I believe this lack of misunderstanding on how greed is connected to feelings of false superiority is why you get the two extremes (collectivists vs individualists) arguing endlessly about ownership: one feels that someone who worked hard for something should be allowed to “own it” — the other feels that “we should all work hard and all own it”…. these two types really, really argue!
Arguing endlessly like this gets us nowhere fast. While I am not arguing in favor of greed, the reality is that we should seek to allow for both situations to occur simultaneously without it being detrimental to anyone in society.
The reality here is that the solution to all these problems then cannot be system abolishment… or table turning. That’s endless. There need not be violent revolt and incarceration. There will be no such thing as equal outcomes. Some will always have more than others—because that is reality.
We probably won’t be able to eradicate greed or superiority… but we can significantly diminish the effects of both.
We need to create a society that allows for social mobility and ever-flowing changes in wealth and financial positions for everyone, instead of one that continues to stagnate and regress toward low mobility for more and more people, toward reduced wealth-flow for all but a few, and increasing wealth inequality for the majority for the foreseeable future.
There is a massive potential to hugely reduce poverty and suffering, which are both a result of artificial scarcity and it’s symptom: greed. First, we must accept that we have a problem…
Step 2. Accepting the (cultural) problem.
So, what’s really going on here, why are we in such a dire situation that seems to be getting worse each day? Why do people get more attracted to profit-hungry companies? Why isn’t the situation already resolved in Flint, MI? Why don’t more people start social-enterprises? Why has there been a wage vs. productivity decoupling since the 1970s, why do we keep enacting failed austerity policies, why does corruption and controversy seem to be increasing? Why is our President seemingly heading toward authoritarianism? Why is he chummy with Russia? Is Putin leveraging supremacists, or are they leveraging him? What the hell is going on? Why are people starting to ignore scientists while 97% of them say we’re bolting toward catastrophe with climate change (global heat death)?
The answer is that while many of us are trying to get through each day merely surviving and looking for that next payout or paycheck, there is an important element missing from our current culture and our current system of trade. There’s something missing that shifts the motives for starting a for-profit organization in the first place, that shifts the motivation behind someone looking to bolster their esteem, a huge missing piece that will fundamentally change the idea of Capitalism and our culture as we know it, for the better.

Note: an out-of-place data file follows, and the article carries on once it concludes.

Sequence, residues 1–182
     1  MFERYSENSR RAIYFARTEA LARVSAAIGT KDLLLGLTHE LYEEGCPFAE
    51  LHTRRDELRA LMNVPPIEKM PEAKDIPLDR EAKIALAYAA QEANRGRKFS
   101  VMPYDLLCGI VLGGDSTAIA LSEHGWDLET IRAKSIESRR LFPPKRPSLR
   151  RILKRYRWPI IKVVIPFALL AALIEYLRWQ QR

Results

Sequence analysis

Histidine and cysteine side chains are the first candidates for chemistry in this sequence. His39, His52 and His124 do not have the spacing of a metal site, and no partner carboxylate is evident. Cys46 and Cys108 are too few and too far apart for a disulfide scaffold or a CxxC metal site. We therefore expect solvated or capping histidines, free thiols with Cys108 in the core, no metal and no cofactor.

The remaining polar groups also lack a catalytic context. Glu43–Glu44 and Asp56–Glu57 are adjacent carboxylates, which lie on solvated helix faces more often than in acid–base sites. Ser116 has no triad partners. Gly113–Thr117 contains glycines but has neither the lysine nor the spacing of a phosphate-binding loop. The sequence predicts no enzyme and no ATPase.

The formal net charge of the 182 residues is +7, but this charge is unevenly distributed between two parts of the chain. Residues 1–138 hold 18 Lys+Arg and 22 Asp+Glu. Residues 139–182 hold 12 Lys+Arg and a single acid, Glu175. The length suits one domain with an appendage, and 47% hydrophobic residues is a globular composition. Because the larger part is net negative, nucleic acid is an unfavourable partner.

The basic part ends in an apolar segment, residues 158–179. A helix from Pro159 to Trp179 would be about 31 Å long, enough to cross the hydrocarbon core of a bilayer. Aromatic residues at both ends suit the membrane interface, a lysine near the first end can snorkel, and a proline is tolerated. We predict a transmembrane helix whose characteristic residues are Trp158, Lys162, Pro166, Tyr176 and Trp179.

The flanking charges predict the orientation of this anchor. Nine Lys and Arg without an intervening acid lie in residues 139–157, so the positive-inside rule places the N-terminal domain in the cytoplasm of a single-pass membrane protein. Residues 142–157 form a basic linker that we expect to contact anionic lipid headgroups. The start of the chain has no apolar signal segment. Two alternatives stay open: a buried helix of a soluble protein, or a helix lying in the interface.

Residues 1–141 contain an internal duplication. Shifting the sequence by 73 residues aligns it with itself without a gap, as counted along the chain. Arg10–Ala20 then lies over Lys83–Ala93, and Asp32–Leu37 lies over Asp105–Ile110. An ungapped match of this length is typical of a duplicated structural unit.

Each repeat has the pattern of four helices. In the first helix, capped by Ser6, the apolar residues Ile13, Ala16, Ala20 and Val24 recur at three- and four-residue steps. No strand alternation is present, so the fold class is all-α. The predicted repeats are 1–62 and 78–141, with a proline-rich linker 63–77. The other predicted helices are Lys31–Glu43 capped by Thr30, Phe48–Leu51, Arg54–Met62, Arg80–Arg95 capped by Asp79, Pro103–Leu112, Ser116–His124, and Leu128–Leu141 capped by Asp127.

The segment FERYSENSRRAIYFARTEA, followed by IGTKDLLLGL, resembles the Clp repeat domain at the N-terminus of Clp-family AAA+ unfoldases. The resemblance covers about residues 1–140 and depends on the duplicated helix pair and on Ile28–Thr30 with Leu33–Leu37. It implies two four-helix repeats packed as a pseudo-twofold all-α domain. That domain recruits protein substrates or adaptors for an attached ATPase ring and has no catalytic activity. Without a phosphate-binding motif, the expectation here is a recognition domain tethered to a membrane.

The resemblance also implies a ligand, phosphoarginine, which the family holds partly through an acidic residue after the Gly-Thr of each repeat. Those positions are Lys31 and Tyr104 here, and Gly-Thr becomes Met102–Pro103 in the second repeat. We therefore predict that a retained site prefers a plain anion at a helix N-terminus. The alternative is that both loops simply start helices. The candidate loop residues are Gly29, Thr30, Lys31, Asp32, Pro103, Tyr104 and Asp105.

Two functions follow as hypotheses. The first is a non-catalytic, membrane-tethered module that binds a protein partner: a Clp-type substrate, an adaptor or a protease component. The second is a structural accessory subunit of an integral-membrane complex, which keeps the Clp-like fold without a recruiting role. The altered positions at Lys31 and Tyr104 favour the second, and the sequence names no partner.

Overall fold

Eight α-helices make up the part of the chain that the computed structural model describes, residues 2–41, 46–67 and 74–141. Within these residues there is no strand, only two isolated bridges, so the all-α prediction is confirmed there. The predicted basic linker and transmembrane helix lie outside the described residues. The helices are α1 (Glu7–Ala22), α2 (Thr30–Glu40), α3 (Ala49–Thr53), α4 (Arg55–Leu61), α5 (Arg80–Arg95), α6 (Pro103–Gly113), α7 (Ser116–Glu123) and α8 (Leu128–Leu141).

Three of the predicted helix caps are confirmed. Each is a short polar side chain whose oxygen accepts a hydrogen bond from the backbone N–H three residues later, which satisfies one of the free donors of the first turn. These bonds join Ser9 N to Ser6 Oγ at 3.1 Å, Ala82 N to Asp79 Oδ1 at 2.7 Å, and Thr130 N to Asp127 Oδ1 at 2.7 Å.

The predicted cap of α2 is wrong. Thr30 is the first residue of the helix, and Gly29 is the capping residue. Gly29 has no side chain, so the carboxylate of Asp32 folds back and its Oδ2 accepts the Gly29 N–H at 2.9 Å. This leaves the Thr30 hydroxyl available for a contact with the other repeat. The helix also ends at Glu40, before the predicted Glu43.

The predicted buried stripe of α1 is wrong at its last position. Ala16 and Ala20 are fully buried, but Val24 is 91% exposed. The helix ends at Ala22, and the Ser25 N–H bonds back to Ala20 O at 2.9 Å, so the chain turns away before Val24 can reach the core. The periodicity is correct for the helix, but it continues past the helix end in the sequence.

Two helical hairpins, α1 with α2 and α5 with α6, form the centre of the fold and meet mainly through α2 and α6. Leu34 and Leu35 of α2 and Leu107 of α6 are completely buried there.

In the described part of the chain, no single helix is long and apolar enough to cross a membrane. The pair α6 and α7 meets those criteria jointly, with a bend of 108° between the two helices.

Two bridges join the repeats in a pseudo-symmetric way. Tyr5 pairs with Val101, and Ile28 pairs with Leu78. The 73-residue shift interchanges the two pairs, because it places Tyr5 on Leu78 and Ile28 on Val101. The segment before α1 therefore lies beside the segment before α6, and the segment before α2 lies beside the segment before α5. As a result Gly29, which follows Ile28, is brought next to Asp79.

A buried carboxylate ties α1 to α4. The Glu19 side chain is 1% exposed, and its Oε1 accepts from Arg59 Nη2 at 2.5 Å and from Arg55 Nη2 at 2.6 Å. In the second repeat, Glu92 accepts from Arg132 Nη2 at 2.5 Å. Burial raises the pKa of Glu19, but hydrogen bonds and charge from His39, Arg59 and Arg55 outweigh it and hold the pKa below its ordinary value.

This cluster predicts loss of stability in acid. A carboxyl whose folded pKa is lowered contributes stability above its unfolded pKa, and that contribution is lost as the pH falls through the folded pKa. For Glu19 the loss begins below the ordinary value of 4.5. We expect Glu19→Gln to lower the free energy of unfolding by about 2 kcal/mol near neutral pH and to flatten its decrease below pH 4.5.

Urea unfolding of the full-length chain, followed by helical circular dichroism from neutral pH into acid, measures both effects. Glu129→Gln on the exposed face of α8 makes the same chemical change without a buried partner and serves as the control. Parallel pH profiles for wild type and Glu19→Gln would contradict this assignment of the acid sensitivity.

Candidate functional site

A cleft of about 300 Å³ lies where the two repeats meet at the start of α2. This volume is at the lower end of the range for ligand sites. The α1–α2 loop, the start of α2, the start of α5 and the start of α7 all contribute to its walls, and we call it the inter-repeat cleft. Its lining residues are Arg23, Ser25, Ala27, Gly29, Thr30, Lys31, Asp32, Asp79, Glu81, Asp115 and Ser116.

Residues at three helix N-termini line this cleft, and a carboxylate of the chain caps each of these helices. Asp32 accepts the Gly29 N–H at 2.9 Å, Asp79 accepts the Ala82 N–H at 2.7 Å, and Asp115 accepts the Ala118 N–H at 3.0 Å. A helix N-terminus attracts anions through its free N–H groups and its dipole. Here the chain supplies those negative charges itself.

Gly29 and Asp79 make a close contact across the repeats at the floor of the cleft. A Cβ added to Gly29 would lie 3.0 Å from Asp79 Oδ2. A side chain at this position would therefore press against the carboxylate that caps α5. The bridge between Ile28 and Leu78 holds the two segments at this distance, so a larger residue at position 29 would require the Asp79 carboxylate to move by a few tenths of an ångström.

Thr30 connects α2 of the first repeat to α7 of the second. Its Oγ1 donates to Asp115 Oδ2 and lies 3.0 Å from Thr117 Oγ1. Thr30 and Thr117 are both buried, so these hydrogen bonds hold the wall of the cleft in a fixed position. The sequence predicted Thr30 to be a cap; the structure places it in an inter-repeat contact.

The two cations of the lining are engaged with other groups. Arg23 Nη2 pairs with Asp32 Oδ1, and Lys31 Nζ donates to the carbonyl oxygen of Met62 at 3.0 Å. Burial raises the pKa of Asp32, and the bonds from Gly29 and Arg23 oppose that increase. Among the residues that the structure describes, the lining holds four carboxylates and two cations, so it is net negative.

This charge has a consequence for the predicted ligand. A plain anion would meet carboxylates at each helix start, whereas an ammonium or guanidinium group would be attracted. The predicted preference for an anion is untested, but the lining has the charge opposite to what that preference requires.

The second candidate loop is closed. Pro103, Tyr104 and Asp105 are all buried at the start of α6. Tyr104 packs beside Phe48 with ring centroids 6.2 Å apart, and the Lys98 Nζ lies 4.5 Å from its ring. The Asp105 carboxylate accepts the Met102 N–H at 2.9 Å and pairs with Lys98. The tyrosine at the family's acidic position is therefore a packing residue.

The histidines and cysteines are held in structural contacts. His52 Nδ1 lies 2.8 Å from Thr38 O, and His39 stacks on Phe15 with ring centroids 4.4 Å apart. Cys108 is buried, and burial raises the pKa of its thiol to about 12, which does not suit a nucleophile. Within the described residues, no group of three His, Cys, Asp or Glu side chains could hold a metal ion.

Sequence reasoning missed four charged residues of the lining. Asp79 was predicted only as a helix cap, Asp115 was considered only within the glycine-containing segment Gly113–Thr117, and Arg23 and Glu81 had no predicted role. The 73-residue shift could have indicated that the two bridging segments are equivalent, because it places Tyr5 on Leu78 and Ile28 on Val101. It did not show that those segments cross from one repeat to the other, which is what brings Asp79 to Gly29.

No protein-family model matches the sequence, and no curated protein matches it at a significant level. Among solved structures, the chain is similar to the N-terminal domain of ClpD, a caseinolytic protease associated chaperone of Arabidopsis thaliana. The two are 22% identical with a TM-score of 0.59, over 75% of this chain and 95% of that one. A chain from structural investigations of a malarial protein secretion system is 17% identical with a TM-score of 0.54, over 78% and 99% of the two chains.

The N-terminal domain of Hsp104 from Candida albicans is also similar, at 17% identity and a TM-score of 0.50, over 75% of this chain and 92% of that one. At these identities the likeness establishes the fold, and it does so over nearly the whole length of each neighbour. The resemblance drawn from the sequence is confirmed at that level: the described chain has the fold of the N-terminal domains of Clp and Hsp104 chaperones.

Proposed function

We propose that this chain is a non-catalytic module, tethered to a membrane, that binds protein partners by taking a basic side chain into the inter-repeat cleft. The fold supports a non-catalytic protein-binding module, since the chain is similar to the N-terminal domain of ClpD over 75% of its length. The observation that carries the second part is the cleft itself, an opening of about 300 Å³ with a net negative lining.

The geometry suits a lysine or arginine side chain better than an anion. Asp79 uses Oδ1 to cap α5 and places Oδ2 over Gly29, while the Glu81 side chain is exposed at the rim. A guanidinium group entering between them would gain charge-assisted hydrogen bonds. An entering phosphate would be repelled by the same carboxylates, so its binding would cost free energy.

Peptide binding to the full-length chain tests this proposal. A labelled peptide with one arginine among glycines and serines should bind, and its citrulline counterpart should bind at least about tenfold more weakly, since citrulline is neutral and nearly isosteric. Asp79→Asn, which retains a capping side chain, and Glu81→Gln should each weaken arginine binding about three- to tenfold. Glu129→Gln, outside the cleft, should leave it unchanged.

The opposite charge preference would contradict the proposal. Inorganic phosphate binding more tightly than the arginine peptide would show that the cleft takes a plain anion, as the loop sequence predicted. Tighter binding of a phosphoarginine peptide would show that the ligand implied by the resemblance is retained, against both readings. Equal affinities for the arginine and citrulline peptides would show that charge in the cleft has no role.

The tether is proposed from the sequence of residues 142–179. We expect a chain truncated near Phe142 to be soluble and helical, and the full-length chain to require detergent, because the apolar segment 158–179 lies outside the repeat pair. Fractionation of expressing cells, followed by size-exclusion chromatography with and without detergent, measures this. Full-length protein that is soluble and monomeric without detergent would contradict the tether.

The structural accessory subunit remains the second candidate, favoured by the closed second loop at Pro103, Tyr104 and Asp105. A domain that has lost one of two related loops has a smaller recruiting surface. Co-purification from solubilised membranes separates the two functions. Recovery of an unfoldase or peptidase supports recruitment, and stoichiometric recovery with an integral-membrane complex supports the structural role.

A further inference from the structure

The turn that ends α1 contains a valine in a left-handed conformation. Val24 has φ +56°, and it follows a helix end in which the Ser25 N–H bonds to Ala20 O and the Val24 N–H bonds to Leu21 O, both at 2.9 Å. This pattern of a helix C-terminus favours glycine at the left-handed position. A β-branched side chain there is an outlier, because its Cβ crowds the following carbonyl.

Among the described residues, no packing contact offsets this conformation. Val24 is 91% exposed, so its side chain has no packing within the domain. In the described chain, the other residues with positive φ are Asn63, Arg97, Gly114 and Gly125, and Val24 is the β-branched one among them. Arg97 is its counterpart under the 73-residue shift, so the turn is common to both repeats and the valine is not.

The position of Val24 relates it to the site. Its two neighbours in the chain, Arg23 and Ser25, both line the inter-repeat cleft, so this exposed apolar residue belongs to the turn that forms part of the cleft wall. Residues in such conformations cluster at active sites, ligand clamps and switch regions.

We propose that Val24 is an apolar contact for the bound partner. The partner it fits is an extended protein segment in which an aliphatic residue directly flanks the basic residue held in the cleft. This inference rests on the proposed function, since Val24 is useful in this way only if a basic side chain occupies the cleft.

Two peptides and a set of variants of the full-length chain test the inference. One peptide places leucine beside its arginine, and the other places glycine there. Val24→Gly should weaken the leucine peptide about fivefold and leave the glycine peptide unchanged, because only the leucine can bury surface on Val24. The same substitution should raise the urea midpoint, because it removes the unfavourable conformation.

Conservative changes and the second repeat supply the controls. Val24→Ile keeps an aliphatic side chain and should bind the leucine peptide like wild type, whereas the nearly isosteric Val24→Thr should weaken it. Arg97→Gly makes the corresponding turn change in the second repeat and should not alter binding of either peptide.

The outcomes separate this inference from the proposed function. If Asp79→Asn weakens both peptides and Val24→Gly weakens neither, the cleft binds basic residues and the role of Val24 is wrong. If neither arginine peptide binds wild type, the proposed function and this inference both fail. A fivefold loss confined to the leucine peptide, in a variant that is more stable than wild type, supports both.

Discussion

We can shift the motivation of some to initially seek to obtain esteem:
from obtaining power for one to instead empowering all.
But before we can fix the problem and make that cultural shift, we must first accept that we have a problem.
We have a cultural problem, but we need to stop beating ourselves up for things that are outside of our personal control. Everything is not fine, but it’s not your fault… we need to be able to accept that.
Many of us are currently forced to do things we hate and we need some understanding of that fact. People are hating on each other for “not being responsible” when society is letting them down. We need help, we need help with moving towards less stress overall in our lives. Consider this too: people get lied to and act according to those lies, can we blame them for falling for those lies? No.
Everyone has strengths and weaknesses, it’s wrong to assume everyone can be good at math for example, when they may excel in other areas. Often people who are proficient in math struggle in other areas.
Value, dignity, respect.
What if we could give people the time and freedom to find out exactly what their strengths and weaknesses are and how they can meaningfully participate in society and be valued for who they are and what they do?
Right now our society seems to value math and logic skills over associative thinking and emotional ones, as if math-proficiency is indicative of ‘superior’ intelligence. It is not superior, it is different. A healthy society would value both.
Right now we have a society that is forcing people to discard who they are so that they can be “responsible adults” and fit into a pre-set notion of what is dignified and what deserves respect.
When artists are forced to take a job for a living, for example, they get extremely defensive. This is because people who are not artists themselves want to assign a functional/work value and put a pricetag on something that inherently has no price because it is priceless. But to many it is seen as useless, so nothing special, it isn’t appreciated. To the artist and to those who enjoy art, these artworks have tremendous value. Don’t get me wrong, peoples value of an artwork itself changes based on several factors, such as the rarity, or the ‘notability’ of the artist. That is a bit different. We value art—but do we really value artists and the work they do?